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New York City - Theatre

Clifford Odets
Awake and Sing!
March 2nd and 3rd at 8 p.m.
Matinee March 3rd at 2 p.m.
Zion Episcopal Church | Douglaston

Reviewed by Arlene McKanic

Watching Clifford Odets’ angry, funny play Awake and Sing! now presented by the Douglaston Community Theatre, the viewer gets the feeling that the 99 percent have been around for quite a long time. The play is set in the 1932 and 1933, during the worst of the Depression, and revolves around the tribulations of the Berger family of the Bronx.

The Bergers, like so many others, are broke and put upon by circumstances, by jobs that no longer exist or jobs that exist but are meaningless and barely help pay the bills. That they don’t seem as impoverished as they are is probably the work of the family matriarch, the testy and bitterly funny Bessie Berger, played with relish by Marilyn Welsher. Her home is tidy. There’s good china in the china closet, her dining table is draped with linen, the lighting is comfortable. This is good and perceptive work by director/set designer Teresa Zugger and lighting designer John Palmieri. Unfortunately, Bessie’s overwhelming personality has rendered her husband Myron (Al Carbuto) a bit of a cipher in his own home.

Bessie and her brother Morty (Marty Edelstein) are children of Jacob, a Marxist who considers himself a failure and tries to encourage his increasingly embittered grandson Ralph to find success, whatever success means. Success, at least in the first couple of acts, seems impossibly out of reach for Ralph’s older, combative sister Hennie, who’s married a naive immigrant and ends up saddled with a baby. Orbiting around this unhappy bunch is Moe Axelrod, a wounded war veteran who’s been in love with Hennie the way other men are in love with other kinds of dangerous pursuits, and Schlosser, the janitor. Interestingly, Schlosser, usually a male in other versions, is played with quiet compassion by Barbara Mavro.

Odets can be a bit talky, and to be honest not much happens in Awake and Sing! until the very end. Yet Zugger and her excellent cast keeps the audience engaged. Michael Wolf is heartwrenching as Jacob, who, Willy Loman-like, makes the decision that his family would be better off without him. Lisa Lawrence’s Hennie is almost as terrifying as Welsher’s Bessie; her husband, played with appropriate bewilderment by Dean Schildkraut, is no match for her. Cody Parham is also good as the frustrated, striving Ralph, while Eric Leeb’s Moe refuses to give up on his dreams, or Hennie, wooden leg or not. Carbuto almost disappears into the wallpaper as Myron, rightly so, while Edelstein gives Morty the smugness that comes from making it even when everyone else is sinking.

It is both tragic and heartening that Awake and Sing! is so relevant even today. It will be at the Zion Episcopal Church Parish Hall in Douglaston till Saturday, March 3.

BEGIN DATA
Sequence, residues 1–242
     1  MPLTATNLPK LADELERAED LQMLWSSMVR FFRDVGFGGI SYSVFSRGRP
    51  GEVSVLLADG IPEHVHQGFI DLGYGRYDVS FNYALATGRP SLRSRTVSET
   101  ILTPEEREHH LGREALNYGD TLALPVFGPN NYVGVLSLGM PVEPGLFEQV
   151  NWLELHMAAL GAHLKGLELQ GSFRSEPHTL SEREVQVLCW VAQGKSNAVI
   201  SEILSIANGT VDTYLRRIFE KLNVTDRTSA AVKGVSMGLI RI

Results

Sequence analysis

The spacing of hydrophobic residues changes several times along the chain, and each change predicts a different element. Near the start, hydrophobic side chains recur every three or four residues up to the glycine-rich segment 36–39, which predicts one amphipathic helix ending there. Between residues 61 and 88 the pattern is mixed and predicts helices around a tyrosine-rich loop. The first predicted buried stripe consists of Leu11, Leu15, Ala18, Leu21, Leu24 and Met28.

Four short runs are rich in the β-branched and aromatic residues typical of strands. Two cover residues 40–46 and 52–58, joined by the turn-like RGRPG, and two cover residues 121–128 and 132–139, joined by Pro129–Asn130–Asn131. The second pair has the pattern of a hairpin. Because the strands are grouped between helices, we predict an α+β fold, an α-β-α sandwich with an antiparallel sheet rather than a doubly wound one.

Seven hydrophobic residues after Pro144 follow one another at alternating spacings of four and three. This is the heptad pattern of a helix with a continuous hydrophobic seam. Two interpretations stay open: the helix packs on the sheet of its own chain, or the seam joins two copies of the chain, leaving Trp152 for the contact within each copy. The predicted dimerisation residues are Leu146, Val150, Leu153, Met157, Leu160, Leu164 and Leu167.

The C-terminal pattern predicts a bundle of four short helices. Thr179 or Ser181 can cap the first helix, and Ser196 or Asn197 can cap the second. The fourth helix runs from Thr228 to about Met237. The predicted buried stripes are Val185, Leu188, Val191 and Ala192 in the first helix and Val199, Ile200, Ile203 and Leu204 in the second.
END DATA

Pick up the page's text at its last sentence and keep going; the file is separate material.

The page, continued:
Ticket prices are $15 for adults and $13 for senior citizens and students with ID.

Call 718-482-3332 to make reservations. Tickets will also be available at the door

Zion Episcopal Church |243-01 Northern Blvd.| Douglaston


Helen Joyce, Raphael Sacks, Andrew Broaddus
Photo Credit: Ben Sozanski

Erosion: A Fable
February 17 – 26, 2011
La MaMa (The Club)

Reviewed by Lisa Lewis

The Loom Ensemble’s richly textured dance theatre piece Erosion, is an apt fable for our economically and ethically troubled times.

In a remarkably coherent patchwork of music, theatre and dance, Erosion tells the story of a homeless woman with a surprising gift and the businessman who seeks to exploit it – but the judgment of these characters is wisely left to the audience. It’s rare that a work so topically driven avoids the soapbox, but Erosion manages a pointed argument without preaching.

Sasha Bogdanowitsch’s expressive soundscape blends choral chants with world music beats, creating a nearly meditative experience. That music, along with the repetitive, ritualistic motions of the dancers, gives the audience intellectual space to contemplate rather than simply swallow the play’s political messages and the movements aptly mirror the endless mechanical drive of the work-a-day world.

Choreography by Neva Cockrell offers up some clever interpretations of modern life, including office workers perched on chairs made of bent bodies, restless sleepers caught mid-nightmare, and city scenes that capture the isolation of urbanites on chaotic streets at rush hour. The drone buzz of the city, the arbitrary empathy of its denizens, the momentary breakthroughs of feeling, all represented here with haunting accuracy by the spare but evocative music and movement.

Particularly poignant is Zoe Anastassiou, as a homeless and pregnant beggar. Anyone who has chosen to favor a street performer with their spare change will recognize the self-righteous argument of the musician as he takes the dollars that might have otherwise gone to the homeless, expectant mother. Here, the company makes an incisive point about the free market competition at play, even in hustling dimes on the streets.

Co-founder Raphael Sacks brings his warm baritone and genial presence to the harmonies and leads this talented young troupe as they explore the conflict between making a living and living a moral life.

Featuring: Kate Hamilton, Sasha Bogdanowitsch, Helen Joyce, Zoe Anastassiou, Andrew Broaddus, Neva Cockrell, Mike O'Bauer, and Raphael Sacks. Set Design by Morgen Fleisig. Lighting Design by Kayla Goble. Costumes by Hannah Richey. Music by Sasha Bogdanowitsch. Choreography by Neva Cockrell. Assistant Director Katherine Pardue. Directed by Tomi Tsunoda at the La Mama Club thru February 26th.

For tickets and information visit

La MaMa (The Club) | 74A East 4 St.




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